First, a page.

Visit the Owls Head Transportation Museum in Owls Head, Maine.
Owls Head Transportation Museum
What: The Owls Head Transportation Museum in Owls Head, Maine. Admission is $10, $8 for seniors 65 and above; children under 18 are free.
How to Get There: The Transportation Museum is located on SR 73 in Owls Head, Maine, adjacent to the Knox County Airport, and easily reached by air. The museum is 3 miles south of Rockland on SR 73, 10 miles south of Camden, and approximately 85 miles north of Portland.
Best Kept Secrets: The events! Visit The Owls Head Transportation Museum website and click on the Events link at the top of the page to see a listing of all the exciting events scheduled for 2013 at the museum.
Avoid: The few days a year the museum is closed. The museum is open year-round except Christmas Day, Thanksgiving, New Year’s Day and an early April day set aside for a volunteer banquet.
More Info and Photos: OHTM.org
Located about 85 miles north of Portland, Maine, on SR 73, the town of Owls Head, Maine, sits on Penobscot Bay. It’s home to the Owls Head Transportation Museum, which contains a variety of classic and antique motorcycles, along with many other forms of transportation.
Founded in 1976 by the James Lang family, one could call it the “Little Museum that Could.” From outside it looks like a small community airport, but once inside it grows exponentially in size and scope. At last count there are more than 150 vehicles of all kinds on display, with many unique and rare examples. The museum specializes in vintage automobiles as well as motorcycles, bicycles, carriages and even fire engines, not to mention 28 historic aircraft spanning aviation history from 1804 to 1946. The museum really is the town’s hidden jewel.
There are at least 50 cars spanning more than a century of progression from 1885 to 1980. Standouts include a 1908 Stanley Model K Semi-Racer and a 1935 Stout Scarab, one of approximately five known to exist today and described as the “World’s First Mini-Van.”
The motorcycles or “semi-motorcycles” on display include the Scripps-Booth Bi-Autogo. It seems like a motorcycle Frankenstein might have designed, but it is very impressive, especially considering it was built 100 years ago. Other surprises include a reproduction of the 1868 Roper steam-powered Velocipede, one of the world’s earliest motorcycles. Another unusual motorcycle in the collection is the 1901 Steffey Motorbike, which has a beautiful single-cylinder engine.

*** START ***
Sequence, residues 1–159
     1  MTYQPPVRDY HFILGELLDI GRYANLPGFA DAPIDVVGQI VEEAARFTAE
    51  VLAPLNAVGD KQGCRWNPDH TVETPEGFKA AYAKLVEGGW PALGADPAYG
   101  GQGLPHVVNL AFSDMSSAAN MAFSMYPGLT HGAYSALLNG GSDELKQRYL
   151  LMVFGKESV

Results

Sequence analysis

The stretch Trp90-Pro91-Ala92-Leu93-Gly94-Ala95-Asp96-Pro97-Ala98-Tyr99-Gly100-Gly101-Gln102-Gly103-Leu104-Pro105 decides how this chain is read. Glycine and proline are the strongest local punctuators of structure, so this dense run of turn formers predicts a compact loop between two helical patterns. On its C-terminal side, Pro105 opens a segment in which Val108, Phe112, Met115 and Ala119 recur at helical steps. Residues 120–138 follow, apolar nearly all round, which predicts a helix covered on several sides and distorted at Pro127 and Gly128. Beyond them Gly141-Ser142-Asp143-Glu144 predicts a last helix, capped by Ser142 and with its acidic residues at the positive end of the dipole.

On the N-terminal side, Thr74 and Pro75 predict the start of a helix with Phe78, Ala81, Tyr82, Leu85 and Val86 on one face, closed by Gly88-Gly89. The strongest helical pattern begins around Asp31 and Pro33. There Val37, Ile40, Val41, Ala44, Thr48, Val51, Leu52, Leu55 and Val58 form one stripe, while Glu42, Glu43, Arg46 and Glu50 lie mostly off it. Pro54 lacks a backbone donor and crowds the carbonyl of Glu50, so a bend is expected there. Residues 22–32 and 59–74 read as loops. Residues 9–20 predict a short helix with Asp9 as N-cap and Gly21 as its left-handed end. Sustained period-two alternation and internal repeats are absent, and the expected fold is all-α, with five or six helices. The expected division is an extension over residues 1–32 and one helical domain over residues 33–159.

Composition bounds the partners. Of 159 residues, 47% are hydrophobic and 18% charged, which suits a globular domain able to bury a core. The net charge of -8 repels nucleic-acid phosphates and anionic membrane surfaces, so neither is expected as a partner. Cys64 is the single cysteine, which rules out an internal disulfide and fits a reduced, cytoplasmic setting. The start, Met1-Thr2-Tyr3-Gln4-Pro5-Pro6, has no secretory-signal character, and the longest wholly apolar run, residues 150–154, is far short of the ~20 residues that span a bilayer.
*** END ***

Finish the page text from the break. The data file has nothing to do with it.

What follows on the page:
As a visitor at the Owls Head, you spend a lot of time looking up. Hanging suspended overhead are several vintage aircraft that seem very large in engine and small in wing. They are often composed of fragile wood, wire and paper. Perhaps the crowning point of the museum’s aviation focus is the meticulously constructed replica of the Wright Brother’s “aeroplane.” The reproduction of the Kitty Hawk Flyer was built by staff and volunteers at the museum and put on display in early 1998. After marveling at its delicately woven construction, you fast-forward only some 60 years and there stands a faithful replica of the 1963 Gemini Space Capsule. Like they say, we’ve come a long way, baby — in a blink of history’s eye. It’s but one of many lessons dramatically presented by the museum’s panoramic perspective on man’s drive to go faster, farther and be more productive. Many of the vehicles and machines on display were restored by the museum’s team of volunteer preservationists under the guidance of the museum’s staff. Year-round events bring together antique motorcycles, cars, airplanes and even giant earthmovers, plus auctions and swap meets from whence you could go home with a piece of history yourself. Yes, there’s definitely an abundance of different strokes for different folks at the Owls Head Museum. MC